Medical Negligence in Ancient Legal Codes
The original publication is available at http://akroterion.journals.ac.za/pub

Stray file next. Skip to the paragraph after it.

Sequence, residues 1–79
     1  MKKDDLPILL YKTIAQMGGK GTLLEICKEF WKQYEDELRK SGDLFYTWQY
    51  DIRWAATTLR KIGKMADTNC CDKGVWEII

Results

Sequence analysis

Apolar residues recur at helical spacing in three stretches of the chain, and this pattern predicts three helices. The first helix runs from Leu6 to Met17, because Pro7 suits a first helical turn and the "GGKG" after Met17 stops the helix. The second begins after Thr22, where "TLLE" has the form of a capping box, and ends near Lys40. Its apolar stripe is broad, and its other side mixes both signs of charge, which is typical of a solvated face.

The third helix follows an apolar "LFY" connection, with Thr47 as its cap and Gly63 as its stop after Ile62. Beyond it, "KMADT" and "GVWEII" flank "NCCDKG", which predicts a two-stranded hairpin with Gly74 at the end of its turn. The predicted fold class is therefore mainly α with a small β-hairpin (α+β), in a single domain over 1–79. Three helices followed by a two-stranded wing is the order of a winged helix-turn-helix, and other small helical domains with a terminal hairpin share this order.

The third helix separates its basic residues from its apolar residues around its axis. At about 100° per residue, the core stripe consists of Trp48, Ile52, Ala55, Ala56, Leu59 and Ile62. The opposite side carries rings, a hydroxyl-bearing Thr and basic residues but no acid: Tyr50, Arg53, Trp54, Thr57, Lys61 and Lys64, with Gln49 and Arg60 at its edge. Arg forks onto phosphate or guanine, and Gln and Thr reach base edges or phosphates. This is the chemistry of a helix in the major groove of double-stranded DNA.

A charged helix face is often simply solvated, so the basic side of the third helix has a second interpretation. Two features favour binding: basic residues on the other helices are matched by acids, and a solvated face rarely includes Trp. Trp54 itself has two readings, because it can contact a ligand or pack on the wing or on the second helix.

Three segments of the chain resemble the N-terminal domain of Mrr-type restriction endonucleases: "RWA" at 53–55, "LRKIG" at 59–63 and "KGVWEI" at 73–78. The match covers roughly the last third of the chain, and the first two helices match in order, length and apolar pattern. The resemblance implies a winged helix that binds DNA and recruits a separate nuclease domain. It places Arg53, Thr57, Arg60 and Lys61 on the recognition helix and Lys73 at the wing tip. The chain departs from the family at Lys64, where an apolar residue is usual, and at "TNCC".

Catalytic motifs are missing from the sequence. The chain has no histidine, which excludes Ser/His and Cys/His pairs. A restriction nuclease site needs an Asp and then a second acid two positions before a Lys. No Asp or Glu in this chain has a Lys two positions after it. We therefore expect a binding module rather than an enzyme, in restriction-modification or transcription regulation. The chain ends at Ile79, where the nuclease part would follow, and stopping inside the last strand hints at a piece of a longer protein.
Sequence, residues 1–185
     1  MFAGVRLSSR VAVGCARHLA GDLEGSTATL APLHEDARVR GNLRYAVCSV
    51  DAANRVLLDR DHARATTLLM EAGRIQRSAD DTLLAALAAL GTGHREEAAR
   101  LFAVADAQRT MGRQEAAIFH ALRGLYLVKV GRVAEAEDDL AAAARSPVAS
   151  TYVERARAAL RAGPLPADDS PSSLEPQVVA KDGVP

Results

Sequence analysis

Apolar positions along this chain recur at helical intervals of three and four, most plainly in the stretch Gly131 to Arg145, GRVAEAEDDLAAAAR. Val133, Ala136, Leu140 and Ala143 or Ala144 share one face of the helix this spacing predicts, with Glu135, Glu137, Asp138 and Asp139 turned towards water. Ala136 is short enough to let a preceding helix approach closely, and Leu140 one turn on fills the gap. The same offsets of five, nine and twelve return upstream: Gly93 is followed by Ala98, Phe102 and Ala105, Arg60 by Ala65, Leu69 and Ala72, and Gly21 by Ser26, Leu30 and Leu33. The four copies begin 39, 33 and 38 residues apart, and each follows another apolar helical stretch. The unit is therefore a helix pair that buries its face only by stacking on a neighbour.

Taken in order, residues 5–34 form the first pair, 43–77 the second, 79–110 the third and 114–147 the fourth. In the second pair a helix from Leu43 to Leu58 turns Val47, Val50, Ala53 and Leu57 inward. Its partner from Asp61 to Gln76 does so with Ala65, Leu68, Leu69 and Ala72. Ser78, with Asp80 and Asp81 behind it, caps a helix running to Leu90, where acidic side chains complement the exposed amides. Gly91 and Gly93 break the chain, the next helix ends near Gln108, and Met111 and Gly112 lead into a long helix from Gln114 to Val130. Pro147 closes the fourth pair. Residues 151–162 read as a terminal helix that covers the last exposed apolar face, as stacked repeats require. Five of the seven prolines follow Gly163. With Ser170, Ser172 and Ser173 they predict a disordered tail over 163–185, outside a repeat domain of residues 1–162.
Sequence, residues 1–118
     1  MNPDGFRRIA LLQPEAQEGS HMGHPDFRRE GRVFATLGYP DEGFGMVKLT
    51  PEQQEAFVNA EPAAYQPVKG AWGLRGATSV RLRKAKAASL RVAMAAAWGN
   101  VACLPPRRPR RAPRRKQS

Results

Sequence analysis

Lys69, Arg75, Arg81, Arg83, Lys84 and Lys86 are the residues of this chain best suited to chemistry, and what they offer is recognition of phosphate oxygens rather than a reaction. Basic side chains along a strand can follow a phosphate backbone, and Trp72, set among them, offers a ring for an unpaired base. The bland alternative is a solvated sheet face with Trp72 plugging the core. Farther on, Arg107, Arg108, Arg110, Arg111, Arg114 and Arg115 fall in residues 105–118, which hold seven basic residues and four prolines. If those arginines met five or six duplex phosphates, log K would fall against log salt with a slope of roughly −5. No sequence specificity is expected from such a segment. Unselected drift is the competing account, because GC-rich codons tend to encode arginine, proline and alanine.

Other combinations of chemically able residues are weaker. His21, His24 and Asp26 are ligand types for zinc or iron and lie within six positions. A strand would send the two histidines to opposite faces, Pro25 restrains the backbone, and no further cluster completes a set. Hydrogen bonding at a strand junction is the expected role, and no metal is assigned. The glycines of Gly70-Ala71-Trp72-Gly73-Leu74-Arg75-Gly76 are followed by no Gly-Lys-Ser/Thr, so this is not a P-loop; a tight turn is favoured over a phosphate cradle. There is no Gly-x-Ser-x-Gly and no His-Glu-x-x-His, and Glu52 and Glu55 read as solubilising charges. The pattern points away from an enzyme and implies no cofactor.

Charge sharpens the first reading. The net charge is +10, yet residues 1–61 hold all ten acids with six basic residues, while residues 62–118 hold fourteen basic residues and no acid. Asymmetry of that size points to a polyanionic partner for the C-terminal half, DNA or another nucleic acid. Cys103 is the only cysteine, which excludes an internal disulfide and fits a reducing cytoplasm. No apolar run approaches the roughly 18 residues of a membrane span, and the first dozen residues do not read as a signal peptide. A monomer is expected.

In Roman Law the Lex Aquilia provided a regulation relating to loss or damage. The first chapter specified punishment for the killing of another’s slaves and four-footed animals used in an agricultural community – animals that could collectively be referred to as “livestock”. The third chapter covered all cases of loss caused by burning, breaking or destroying property (usserit, frangerit, rumperit). This article discusses the interpretation of the Lex Aquilia by Roman jurists with special reference to texts dealing with liability in terms of negligent medical treatment in comparison with similar texts from the ancient Mesopotamian legal codes.